Walk Away Your Chocolate Cravings
I have always loved eating chocolate. The rich smell it gives off, the bittersweet taste when I take the first bite, the slightly euphoric feeling I get as the sugar and cocoa start to interact with my brain. It's a powerful combination of senses and emotion. Now it appears chocolate may actually be physically addictive, just like alcohol.
The reason for the addiction appears to be a group of alkaloids known as tetrahydro-beta-carbolines. Those alkaloids, also known as neuroactive alkaloids, were discovered in cocoa and chocolate bars by researchers at the Spanish Council for Scientific Research in Madrid. Earlier research has linked those very same chemicals to alcoholism.
Eating chocolate may be a way to self medicate. Combine the newly revealed alkaloid compounds with other known addictive substances found in chocolate, like caffeine and magnesium, and the idea that someone can be a "chocoholic" (addicted to chocolate) becomes much more plausible. People really may experience compulsions to eat a Hershey bar.
Fortunately, there now seems to be a way to end the addiction. In a clinical study at the School of Sport & Health Sciences at the University of Exeter, 25 regular chocolate eaters were put in stressful situations that included a "chocolate cue." Half the subjects engaged in a passive control and the other half took a 15-minute semi-self-paced brisk walk. Then the subjects were asked to complete two tasks. The first was a Stroop colour-word interference task and the second was unwrapping and handling a chocolate bar.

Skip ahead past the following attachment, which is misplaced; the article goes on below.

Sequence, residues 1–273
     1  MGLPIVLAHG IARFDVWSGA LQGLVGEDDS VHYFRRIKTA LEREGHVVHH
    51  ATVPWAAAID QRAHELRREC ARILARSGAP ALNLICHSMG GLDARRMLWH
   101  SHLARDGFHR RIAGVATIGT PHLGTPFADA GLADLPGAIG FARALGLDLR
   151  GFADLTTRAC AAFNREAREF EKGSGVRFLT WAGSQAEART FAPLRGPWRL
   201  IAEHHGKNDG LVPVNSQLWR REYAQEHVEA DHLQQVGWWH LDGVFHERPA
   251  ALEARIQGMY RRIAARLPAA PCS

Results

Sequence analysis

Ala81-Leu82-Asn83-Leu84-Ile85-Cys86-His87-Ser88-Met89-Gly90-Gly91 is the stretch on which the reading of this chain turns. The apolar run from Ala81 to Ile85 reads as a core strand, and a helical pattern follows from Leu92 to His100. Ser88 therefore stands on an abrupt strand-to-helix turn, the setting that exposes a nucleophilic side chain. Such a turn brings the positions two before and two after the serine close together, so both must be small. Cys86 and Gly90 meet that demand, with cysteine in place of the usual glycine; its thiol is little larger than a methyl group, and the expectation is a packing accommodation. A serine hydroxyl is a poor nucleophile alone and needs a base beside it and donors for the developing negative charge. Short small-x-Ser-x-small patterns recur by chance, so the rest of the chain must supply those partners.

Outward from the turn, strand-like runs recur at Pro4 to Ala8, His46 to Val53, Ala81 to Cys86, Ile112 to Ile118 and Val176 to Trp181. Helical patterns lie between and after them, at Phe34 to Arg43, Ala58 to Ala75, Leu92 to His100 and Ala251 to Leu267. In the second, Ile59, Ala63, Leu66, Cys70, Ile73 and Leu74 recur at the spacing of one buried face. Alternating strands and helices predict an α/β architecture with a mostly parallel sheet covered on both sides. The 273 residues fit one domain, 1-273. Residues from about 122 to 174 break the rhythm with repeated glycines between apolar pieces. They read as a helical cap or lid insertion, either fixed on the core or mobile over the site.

The group that took a brisk walk experienced reduced chocolate urges during and after the walk. Exercise also gave the subjects a greater ability to fight the cravings as they handled the chocolate.
It's a win-win for dieters. Taking a walk helps burn calories, reduces stress, and now apparently gives us more willpower to just say no to temptation.
The lead author of the study, Professor Adrian Taylor said, "Our ongoing work consistently shows that brief bouts of physical activity reduce cigarette cravings, but this is the first study to link exercise to reduced chocolate cravings. Neuroscientists have suggested common processes in the reward centres of the brain between drug and food addictions, and it may be that exercise effects brain chemicals that help to regulate mood and cravings. This could be good news for people who struggle to manage their cravings for sugary snacks and want to lose weight."
It's estimated that up to 97% of women and 68% of men experience some form of food cravings. The desire is typically for calorie-dense, fatty or sugary foods. Chocolate is almost always at the top of the list. Knowing that something as simple as a brisk 15-minute walk can help curb those cravings is great news for people who want to get healthy.
Professor Taylor concludes: "While enjoying the occasional chocolate bar is fine, in time, regular eating may lead to stronger cravings during stress and when it is readily available. Recognising what causes us to eat high energy snacks, even if we have plans to not do so, can be helpful."
"Short bouts of physical activity can help to regulate how energised and pleasant we feel, and with a sedentary lifestyle we may naturally turn to mood regulating behaviours such as eating chocolate. Accumulating 30 minutes of daily physical activity, with two 15 minute brisk walks, for example, not only provides general physical and mental health benefits but also may help to regulate our energy intake. This research furthers our understanding of the complex physical, psychological and emotional relationship we have with food."
The next time you have a craving, go for a walk. If you have chocolate you're trying to avoid eating, bring it along with you and dump it in a trash-can along the route. Walking is good, but getting rid of the temptation is better. Walk and free yourself from chocolate addiction.
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